apprentices may be regarded as carrying to an extreme the half-pedagogic, half- parental relationship in which
masters stood to their lads, it is nevertheless typical of the personal supervision given to their habits and their
morals, and of the freedom with which corporal chastisement was inflicted on the erring. Mr. Jeeves would
station himself at the gates of his works at six o'clock in the morning, and punish any boys who were late by
pulling their ears. He kept a whip to thrash them with, and in beating one who was particularly troublesome, the
old man was so frequently betrayed into profane swearing, that he pathetically complained, when his passion
was over, " Thah maks me run into more sin than a little." The apprentices were required to be punctual in their
attendance in their master's pew in St. Paul's Church. Once, on his way thither, Mr. Jeeves saw an apprentice
playing at marbles. " Now, thah'll be in time, lad; thah'll be in time," was the admonition he gave in passing. "
Aye, mester," was the reply; but the game proved too engrossing, and he was late. Old Jeeves waited his
opportunity, and sidling up to the offender during prayer, gave his ear a tremendous wring. The boy, partly from
pain, and partly to serve out his master, set up a yell that resounded through the church, and disturbed the
congregation-  . Another lad showed his dislike to church attendance by making a point of going in old clothes.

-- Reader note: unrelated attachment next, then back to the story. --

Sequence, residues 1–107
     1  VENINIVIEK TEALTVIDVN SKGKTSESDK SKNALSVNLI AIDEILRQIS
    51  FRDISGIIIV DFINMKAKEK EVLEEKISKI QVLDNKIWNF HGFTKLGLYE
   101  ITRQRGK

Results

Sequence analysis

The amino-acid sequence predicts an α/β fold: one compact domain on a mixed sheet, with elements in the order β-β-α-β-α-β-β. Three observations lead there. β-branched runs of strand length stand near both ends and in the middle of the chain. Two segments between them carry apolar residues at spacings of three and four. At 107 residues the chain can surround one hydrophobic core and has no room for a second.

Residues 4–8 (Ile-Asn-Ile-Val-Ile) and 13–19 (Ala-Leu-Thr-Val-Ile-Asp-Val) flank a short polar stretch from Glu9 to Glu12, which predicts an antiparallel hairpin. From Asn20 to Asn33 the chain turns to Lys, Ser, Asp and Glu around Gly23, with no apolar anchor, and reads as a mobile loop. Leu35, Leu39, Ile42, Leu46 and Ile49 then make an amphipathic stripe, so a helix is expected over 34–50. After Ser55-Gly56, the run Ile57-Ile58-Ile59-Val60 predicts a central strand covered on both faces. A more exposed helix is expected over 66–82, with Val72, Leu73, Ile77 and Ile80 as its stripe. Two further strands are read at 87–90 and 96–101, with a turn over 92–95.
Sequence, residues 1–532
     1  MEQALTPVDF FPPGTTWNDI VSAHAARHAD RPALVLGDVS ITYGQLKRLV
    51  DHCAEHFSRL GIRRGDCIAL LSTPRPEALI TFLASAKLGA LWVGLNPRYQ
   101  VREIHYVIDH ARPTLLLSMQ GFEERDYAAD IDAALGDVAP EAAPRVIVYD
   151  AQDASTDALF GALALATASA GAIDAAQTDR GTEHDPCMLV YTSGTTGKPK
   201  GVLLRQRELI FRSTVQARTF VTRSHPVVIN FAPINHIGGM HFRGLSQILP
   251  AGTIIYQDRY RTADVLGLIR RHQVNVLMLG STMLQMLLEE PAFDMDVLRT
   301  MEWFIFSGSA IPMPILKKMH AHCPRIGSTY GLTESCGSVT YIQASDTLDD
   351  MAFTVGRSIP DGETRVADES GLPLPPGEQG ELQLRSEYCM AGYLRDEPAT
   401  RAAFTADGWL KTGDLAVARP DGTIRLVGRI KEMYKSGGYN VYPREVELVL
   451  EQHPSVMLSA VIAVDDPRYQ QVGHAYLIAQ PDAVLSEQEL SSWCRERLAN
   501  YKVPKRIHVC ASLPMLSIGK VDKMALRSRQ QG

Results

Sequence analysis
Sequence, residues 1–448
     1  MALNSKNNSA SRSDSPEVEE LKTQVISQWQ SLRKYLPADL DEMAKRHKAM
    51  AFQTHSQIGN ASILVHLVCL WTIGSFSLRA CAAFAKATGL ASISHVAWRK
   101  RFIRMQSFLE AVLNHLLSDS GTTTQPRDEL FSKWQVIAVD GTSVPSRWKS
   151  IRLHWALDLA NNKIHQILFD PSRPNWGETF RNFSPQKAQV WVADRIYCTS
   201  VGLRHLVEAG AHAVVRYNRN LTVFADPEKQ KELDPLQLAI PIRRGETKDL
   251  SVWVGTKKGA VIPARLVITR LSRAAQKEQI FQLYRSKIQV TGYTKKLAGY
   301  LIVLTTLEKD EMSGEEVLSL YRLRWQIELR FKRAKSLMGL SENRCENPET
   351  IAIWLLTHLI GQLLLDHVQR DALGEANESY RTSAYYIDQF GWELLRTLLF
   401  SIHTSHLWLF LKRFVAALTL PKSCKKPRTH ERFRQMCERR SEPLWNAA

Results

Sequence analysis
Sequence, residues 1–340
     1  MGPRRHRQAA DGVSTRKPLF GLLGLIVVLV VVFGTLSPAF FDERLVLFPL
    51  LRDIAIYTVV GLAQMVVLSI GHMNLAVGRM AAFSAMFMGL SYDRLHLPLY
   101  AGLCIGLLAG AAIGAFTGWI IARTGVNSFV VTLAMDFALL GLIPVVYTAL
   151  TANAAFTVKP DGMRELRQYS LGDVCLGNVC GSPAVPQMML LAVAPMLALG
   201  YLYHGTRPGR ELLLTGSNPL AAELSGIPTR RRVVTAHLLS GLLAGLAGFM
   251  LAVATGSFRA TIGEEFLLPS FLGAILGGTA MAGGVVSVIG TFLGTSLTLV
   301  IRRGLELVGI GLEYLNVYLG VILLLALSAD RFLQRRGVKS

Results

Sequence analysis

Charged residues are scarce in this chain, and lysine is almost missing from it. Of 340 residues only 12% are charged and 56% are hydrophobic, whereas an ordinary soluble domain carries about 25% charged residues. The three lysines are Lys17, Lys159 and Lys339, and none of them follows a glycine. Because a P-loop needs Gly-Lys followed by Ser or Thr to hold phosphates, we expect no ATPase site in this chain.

His master, greatly annoyed, quite audibly exclaimed, " Go thee to t' bottom (of the pew), thah shabby devil." and he was heard to improve the decencies of worship by saying, " Do you, kneel in a praying posture !" Oatcake and porridge formed the staple fare of apprentices, but the one was too often mouldy or sour, and the latter too often
made with water. A cutler in Allen Street named Barber, who had sixteen apprentices, was noted, even among
the penurious, for his especial meanness. It was the custom in his household to make the oat cakes in large
batches, so that they might be stale enough, when placed before the apprentices, to discourage inordinate
appetite. The lads, when opportunity offered, would snatch an oat cake hot from the bakestone, to enjoy it fresh,
and to this end they would hide the stolen morsel anywhere under their shirts, or thrust in the coal hole. As a
rare treat, there was sometimes for dinner brewis, or brewes oat cakes, mixed with dripping and hot water, and
seasoned with salt and pepper, still the traditional dish when the members of the Cutlers' Company lunch
together at the annual swearing in of the Master Cutler.

The last three survivors of the apprentices of Barber (who only " clemmed " his lads to end his days in the workhouse) were William Ironside of Garden Street, Robert Hownham of Edward Street, and William Pearson. William Ironside, who afterwards worked for " Sammy Skinner," Broad Lane, the progenitor of two generations of surgeons will be remembered by not a few old Nonconformists as a prominent feature in the services at Nether Chapel, where, in the days of the Rev. Thomas Smith, occupying one of the boxes that flanked the pulpit on each side, he led the singing, as he had previously done at Garden Street Chapel. Minister and clerk together formed an impressive spectacle, for they were both stout and ponderous men.